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Alexander Grischuk vs Laurent Fressinet
"Gris for the Mill" (game of the day Mar-02-2006)
Lausanne Young Masters (2000), Lausanne SUI, rd 1, May-30
Sicilian Defense: Najdorf Variation (B90)  ·  1-0



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Kibitzer's Corner
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Mar-20-15  diagonalley: hmmmm.... well i managed to pick the first move, but the follow-up is a damn sight more difficult than "difficult"! (as usual my thoughts went parallel to <al wazir> in not anticipating black's 26.... Q-B2). superb play by grischuk.
Premium Chessgames Member
  Once: White's pride and joy is his passed c7 pawn, but it is so far behind enemy lines that it is in mortal danger. If white can't bring more pieces to defend it - or help it march on - then it is liable to get surrounded and chopped off. The moves I really don't want black to make are Rc6 or Qc6. That seems to stop my attack dead in its tracks.

But how to get another white piece near the passed pawn? All the roads to c7 seem to be blocked.

So it seems we are looking for a breakthrough sacrifice. The most forcing moves don't seem to work. Qxa6 might be fun if the black queen and king rook were distracted, but it doesn't work yet. Hmmm ... store that one for later.

After casting around for a while I notice the VTOL move Rd8. Okay, okay, so it's not exactly legal, but wouldn't it be great if we could play it?

That leads to a fantasy about opening the d file and that leads to 26. Bc4 because 26...dxc4 allows 27. Rd8 and it is officially international day of happiness.

After that things started to get more hazy. I expected black to play 26...Qd7 when Fritzie wants to play 27. c6 but I had 27. Qxb5. I didn't think 26...Qf7 was playable - something deeply wrong about walking into the firing line of the white Bc4.

Premium Chessgames Member
  Once: Oops - make that Qxb4 instead of Qxb5
Mar-20-15  mike1: looked at 26.Rxd5 as well and was quite happy with it... but Nxd5. 27Bc4 Qf7, 28.Rd1 runs into Nc3+. 29bxc3 Qxc4
30.Rd8+ Kf7! and 31Rxa8 Rg1+
Mar-20-15  BxChess: <mike1:> I also thought 26. Rxd5 was the move. I didn't see the defence 27. ...Qf7. But what if instead of 30 Rd8+, white played 30. Qxb4. Black is a rook up, but the white pawn on c7 is quite dangerous especially if black trades queens.
Mar-20-15  morfishine: Thanks <mike1> & <BxChess> for also looking at <26.Rxd5>; 30.Qxb4 does indeed look very dangerous for Black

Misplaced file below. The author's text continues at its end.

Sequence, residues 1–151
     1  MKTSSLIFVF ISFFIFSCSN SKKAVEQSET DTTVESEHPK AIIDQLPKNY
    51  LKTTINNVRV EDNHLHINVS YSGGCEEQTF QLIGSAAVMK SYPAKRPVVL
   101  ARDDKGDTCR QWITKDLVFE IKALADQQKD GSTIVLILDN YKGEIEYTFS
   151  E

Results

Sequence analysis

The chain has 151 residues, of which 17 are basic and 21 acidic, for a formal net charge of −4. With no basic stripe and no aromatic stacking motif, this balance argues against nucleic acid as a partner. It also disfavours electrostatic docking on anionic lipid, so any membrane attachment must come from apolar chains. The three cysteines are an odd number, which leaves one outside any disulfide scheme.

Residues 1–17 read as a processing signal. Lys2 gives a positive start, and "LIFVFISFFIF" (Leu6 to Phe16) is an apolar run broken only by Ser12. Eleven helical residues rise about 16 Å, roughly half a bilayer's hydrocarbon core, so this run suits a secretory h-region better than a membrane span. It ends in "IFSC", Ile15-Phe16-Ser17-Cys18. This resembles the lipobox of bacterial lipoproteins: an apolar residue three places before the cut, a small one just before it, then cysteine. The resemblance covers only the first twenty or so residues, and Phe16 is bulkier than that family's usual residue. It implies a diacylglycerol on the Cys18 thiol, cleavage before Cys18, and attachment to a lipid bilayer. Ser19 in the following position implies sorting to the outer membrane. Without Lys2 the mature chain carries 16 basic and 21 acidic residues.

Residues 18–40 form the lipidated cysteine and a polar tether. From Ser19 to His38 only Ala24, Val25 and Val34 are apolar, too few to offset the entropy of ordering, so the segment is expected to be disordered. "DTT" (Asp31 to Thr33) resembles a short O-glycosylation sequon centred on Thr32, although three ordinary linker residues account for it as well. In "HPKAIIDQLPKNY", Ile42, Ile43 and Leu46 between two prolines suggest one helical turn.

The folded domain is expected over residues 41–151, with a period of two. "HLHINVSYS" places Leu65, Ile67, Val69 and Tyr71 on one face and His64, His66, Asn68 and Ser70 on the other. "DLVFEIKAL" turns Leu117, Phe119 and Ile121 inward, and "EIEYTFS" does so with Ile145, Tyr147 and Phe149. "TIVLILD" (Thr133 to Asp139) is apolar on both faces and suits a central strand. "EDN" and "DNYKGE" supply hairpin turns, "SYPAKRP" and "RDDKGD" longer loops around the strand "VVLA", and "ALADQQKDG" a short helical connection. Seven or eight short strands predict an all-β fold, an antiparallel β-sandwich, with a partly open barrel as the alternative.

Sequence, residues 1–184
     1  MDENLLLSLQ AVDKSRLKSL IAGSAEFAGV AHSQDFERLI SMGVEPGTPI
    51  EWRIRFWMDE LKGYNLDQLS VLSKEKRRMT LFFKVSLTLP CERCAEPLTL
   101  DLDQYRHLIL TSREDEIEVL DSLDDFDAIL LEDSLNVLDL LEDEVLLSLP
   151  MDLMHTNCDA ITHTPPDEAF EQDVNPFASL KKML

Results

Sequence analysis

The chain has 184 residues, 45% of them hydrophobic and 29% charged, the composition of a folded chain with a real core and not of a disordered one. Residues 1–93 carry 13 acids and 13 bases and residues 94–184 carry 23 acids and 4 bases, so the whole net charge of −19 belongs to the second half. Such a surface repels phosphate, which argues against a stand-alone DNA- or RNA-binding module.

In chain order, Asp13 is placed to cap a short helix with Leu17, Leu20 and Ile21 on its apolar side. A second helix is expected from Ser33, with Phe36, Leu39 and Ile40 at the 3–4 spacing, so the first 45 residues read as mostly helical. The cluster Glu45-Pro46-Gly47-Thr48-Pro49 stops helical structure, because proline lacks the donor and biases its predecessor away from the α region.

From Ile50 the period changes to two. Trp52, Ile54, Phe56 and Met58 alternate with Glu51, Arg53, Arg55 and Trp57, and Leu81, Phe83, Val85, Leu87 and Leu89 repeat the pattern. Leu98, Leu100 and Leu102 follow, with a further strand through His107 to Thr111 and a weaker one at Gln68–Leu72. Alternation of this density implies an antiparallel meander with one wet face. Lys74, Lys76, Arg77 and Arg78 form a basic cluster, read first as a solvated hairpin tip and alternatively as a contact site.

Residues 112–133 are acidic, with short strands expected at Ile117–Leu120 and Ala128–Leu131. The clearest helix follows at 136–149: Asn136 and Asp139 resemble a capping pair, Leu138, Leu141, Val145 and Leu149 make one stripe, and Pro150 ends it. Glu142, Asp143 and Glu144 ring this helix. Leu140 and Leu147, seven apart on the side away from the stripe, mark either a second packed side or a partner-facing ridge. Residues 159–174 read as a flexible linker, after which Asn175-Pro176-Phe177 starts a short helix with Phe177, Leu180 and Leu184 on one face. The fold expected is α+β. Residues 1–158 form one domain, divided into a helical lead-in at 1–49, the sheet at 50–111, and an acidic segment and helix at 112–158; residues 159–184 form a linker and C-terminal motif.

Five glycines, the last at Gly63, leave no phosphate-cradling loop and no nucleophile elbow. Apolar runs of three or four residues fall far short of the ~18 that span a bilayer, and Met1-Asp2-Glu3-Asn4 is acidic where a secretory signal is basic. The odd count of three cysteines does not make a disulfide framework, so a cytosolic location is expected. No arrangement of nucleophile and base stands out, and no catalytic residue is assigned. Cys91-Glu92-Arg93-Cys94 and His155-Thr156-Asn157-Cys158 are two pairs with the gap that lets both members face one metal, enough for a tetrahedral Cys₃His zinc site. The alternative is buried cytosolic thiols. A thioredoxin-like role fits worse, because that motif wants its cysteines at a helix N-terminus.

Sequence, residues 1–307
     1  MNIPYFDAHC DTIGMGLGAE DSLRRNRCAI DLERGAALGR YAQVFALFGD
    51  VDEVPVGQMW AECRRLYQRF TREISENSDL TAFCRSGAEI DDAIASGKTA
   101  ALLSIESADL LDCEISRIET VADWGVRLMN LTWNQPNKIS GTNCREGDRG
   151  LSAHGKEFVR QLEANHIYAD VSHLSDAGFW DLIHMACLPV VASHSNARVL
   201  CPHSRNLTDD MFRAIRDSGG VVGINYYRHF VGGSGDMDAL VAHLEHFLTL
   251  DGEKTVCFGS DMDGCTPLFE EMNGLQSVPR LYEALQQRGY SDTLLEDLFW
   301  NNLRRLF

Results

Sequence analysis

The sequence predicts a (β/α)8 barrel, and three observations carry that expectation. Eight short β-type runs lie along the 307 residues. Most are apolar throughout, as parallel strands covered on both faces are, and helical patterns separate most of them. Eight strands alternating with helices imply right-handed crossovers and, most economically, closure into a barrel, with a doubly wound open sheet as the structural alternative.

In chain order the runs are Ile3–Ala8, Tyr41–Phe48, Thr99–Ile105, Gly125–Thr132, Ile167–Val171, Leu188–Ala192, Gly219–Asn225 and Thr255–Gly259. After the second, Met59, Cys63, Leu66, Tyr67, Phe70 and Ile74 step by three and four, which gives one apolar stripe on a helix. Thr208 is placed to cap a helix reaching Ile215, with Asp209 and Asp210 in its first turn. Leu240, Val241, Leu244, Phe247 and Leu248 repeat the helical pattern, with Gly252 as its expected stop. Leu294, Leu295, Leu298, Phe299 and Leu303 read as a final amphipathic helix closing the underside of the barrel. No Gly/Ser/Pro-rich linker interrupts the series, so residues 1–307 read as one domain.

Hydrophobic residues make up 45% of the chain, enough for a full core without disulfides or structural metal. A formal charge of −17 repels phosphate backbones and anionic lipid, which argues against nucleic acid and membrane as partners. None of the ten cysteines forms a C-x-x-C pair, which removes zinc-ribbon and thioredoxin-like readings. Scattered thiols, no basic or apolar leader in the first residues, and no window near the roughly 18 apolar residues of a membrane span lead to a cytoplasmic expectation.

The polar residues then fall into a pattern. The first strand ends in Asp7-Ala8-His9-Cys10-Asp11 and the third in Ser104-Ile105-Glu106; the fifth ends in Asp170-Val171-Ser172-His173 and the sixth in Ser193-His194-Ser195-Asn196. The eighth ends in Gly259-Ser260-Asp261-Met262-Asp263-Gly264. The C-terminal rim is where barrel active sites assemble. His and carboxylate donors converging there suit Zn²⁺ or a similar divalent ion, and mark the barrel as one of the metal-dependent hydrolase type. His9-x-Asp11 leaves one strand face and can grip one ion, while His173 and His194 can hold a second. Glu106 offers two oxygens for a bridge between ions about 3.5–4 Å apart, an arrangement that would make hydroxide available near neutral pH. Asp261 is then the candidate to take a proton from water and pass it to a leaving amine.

Black to move 30:

click for larger view


Mar-20-15  dfcx: I saw 26.Bc4. Bishop is safe.

A. 26...dxc4? 27.Rd8!
B. 26...Qf7/Qc6 27.Qxb4 Qxc7 28.Bxd5+ Nxd5

click for larger view

white is ahead by a passed pawn.

It's not a major advantage - I just do not see any other better moves for white.

Mar-20-15  wooden nickel: Another nice English Attack in "Gris for the Mill" accompanying today's solar eclipse! 26.Rxd5 looked good at first but after
26. ... Nxd5 27.Bc4 Qf7 28.Rd1 Nc3+

click for larger view

and suddenly the mill needs more grease than grist!

After 26.Bc4 Qf7, also 27.Rhe1 seems to do the trick!

click for larger view

Mar-20-15  dfcx: Crafty found the defense
28...Qf5+ 29.Bd3 (Ka1? Rxa6) Qc8 30.Qb7 Rf6 with white ahead by a pawn only.

click for larger view

Premium Chessgames Member
  Penguincw: 26.Qxb4 and white is temporarily up a pawn. :)
Mar-20-15  CHESSTTCAMPS: White has a bishop for a knight, with an all-important pawn on the 7th rank. With a rook at d8, white would win immediately, therefore the first move that comes to mind is


Pinning the d pawn in two ways and creating a primary threat of Bxd5, clearing the obstruction for Rd1. Black has no satisfactory defense:

A) 26... dxc4 27.Rd8 Re6 (Rxd8? 28.cxd8=Q) 28.Rhd1 Kf7 29.Rxe8 R6xe8 30.Rd8 poses no problems for white.

B) 26... Qc6 (to protect d5) 27.Qb6! Qxb6 28.cxb6 Rxb6 29.Rxd5!! (the secondary threat) Nxd5 (Rc8|Rc6 30.Rd8#!) 30.Bxd5+ Kf8 31.Bxa8 and black can't stop 32.c8=Q

B.1) 27... Rc8 28.Qxc6 Rxc6 29.Rxd5! Nxd5 (R6xc7 or Rxc5 30.Rd8#) 30.Bxd5+ Kf8 31.Bxc6 Rxc7 32.Be4 with a won endgame.

B.2) 27... dxc4 28.Rd8+ Kf7 (Rxd8 29.cxd8=Q) 29.Rxa8 Qxa8 30.Qb8 wins.